Scientists from Joslin Diabetes Center found that exposure to cold temperatures reduced inflammation in obesity while improving insulin sensitivity and glucose tolerance.
They also found that the process depended on brown adipose (fat) tissue—sometimes considered “good fat”—producing a naturally occurring molecule called Maresin 2 when stimulated by cold.
The research is published in Nature Metabolism and was conducted by Yu-Hua Tseng et al.
More than 40 percent of American adults have obesity, a complex condition that can increase the risk of diabetes, cardiovascular disease and certain cancers.
One mechanism by which obesity can lead to other health problems is by causing low-grade chronic inflammation, the accumulation of immune cells in insulin-sensitive tissues.
Scientists hypothesize that reversing—known as resolving—this chronic inflammation could prevent the onset of obesity-related diseases including diabetes and possibly facilitate weight loss.
Brown fat helps dissipate stored energy and may potentially promote weight loss and metabolic health.
In the study, the team discovered that cold exposure reduced inflammation and improved metabolism in obesity, mediated at least in part by the activation of brown fat.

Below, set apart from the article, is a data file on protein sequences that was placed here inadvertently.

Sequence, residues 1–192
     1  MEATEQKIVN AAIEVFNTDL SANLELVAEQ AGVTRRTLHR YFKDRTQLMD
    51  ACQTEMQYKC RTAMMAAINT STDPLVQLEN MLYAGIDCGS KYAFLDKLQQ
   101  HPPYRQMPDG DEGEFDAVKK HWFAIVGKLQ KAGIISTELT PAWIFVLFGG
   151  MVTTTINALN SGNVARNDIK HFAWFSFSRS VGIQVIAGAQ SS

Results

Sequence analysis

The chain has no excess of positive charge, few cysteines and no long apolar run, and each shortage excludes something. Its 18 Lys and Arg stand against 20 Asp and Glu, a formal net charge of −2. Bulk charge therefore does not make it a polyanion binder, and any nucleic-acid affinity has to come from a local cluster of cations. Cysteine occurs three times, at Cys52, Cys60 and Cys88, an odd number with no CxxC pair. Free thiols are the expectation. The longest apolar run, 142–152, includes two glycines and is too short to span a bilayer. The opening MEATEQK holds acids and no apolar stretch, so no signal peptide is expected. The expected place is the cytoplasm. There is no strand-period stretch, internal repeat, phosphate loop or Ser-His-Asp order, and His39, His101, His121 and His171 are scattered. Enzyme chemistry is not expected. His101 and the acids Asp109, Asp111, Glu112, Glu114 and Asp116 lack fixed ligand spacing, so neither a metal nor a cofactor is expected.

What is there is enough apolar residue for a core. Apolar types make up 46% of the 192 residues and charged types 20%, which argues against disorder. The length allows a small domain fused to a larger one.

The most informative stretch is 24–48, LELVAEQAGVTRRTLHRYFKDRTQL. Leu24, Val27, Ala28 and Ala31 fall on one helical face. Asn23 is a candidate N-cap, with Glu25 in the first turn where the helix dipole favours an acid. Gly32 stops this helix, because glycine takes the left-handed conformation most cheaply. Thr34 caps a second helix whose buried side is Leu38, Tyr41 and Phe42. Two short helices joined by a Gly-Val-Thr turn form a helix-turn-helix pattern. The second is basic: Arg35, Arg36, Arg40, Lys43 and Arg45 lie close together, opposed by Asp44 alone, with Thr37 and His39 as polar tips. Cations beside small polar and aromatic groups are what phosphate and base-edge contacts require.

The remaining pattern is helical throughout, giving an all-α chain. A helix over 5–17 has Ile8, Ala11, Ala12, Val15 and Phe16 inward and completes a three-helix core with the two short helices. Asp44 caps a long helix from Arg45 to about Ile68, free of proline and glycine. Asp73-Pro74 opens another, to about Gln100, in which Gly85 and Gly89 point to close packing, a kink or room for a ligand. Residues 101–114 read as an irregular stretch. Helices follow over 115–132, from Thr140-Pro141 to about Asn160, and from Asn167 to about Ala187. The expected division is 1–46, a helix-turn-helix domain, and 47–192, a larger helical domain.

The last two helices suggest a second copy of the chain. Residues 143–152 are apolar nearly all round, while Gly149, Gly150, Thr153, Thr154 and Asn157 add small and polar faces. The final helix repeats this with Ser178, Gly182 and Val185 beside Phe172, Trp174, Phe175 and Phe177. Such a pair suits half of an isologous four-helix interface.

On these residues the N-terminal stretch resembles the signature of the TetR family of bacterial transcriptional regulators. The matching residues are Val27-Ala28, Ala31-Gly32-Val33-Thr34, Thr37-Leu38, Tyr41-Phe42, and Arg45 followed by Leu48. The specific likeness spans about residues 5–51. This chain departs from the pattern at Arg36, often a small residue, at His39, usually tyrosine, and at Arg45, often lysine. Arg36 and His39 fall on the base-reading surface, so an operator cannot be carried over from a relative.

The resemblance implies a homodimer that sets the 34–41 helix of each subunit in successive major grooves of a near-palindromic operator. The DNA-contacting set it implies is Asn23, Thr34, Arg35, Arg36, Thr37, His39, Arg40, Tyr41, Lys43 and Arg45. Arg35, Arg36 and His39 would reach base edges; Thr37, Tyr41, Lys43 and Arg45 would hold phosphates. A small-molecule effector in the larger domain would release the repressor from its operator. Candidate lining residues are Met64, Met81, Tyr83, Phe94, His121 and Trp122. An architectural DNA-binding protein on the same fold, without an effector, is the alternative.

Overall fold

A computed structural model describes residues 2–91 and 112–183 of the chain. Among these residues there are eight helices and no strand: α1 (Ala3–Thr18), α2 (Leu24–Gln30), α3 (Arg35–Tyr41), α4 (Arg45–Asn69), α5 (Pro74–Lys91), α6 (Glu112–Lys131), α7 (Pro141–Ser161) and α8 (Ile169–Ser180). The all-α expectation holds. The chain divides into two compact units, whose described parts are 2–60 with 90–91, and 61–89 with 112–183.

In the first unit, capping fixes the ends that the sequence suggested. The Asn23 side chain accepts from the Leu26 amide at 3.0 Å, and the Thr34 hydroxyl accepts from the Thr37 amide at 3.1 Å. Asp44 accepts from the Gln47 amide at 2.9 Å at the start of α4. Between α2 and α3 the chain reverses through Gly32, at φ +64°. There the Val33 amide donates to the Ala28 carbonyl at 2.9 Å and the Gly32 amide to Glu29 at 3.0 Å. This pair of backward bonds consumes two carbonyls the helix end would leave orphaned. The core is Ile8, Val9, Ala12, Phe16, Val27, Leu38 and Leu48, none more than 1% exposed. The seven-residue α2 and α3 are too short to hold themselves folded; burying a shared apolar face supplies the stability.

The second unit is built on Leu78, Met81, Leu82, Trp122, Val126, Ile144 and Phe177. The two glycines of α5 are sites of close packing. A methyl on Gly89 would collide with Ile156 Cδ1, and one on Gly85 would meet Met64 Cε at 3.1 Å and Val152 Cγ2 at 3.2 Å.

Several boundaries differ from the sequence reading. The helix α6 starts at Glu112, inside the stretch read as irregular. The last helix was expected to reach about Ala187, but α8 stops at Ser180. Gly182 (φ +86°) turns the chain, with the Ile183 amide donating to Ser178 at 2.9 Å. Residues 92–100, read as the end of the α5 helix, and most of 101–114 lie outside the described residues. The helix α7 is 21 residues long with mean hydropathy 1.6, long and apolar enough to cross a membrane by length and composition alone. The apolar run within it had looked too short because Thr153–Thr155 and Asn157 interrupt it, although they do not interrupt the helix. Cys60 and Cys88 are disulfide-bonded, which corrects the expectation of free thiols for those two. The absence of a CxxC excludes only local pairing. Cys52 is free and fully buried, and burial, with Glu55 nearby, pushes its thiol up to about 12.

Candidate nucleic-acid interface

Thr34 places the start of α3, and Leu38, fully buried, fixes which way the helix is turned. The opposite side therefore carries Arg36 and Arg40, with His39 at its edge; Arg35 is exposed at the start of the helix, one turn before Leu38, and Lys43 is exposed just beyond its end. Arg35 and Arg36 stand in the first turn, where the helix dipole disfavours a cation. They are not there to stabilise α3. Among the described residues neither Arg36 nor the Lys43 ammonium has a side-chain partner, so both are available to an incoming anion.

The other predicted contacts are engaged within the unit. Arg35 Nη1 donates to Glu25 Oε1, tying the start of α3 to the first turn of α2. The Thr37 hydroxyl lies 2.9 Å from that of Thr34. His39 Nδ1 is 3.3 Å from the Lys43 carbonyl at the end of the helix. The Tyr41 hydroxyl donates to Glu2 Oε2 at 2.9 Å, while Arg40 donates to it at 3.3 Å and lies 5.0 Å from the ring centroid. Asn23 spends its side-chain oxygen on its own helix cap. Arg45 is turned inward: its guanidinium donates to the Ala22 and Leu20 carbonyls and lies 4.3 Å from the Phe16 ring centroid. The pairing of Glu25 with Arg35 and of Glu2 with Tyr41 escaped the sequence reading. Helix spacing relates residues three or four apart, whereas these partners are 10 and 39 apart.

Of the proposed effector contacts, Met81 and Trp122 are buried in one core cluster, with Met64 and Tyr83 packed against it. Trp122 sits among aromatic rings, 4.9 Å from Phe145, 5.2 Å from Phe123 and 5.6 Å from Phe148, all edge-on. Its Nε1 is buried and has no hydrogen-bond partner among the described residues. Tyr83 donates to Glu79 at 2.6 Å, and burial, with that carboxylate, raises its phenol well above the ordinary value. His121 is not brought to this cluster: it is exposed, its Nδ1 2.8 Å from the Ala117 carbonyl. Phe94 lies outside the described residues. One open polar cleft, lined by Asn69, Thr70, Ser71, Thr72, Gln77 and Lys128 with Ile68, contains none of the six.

These findings suggest a previously unrecognized function of brown adipose tissue in promoting the resolution of inflammation in obesity.
In two previous studies, the team discovered that cold exposure could activate brown fat to produce specific lipid mediators that regulate nutrient metabolism.
In the current study, the researchers identified a novel role for a lipid mediator produced from brown fat to resolve inflammation.
They created a mouse model that becomes obese when fed a typical high-fat, Western diet.
When the animals were exposed to a cold environment (around 40 degrees Fahrenheit), the researchers found that the animals’ insulin sensitivity and glucose metabolism improved and their body weight decreased.
What’s more, the team also found a strong improvement in inflammation, as measured by reduced levels of a major inflammatory marker.
These findings suggest a previously unrecognized function of brown fat in promoting the resolution of inflammation in obesity.
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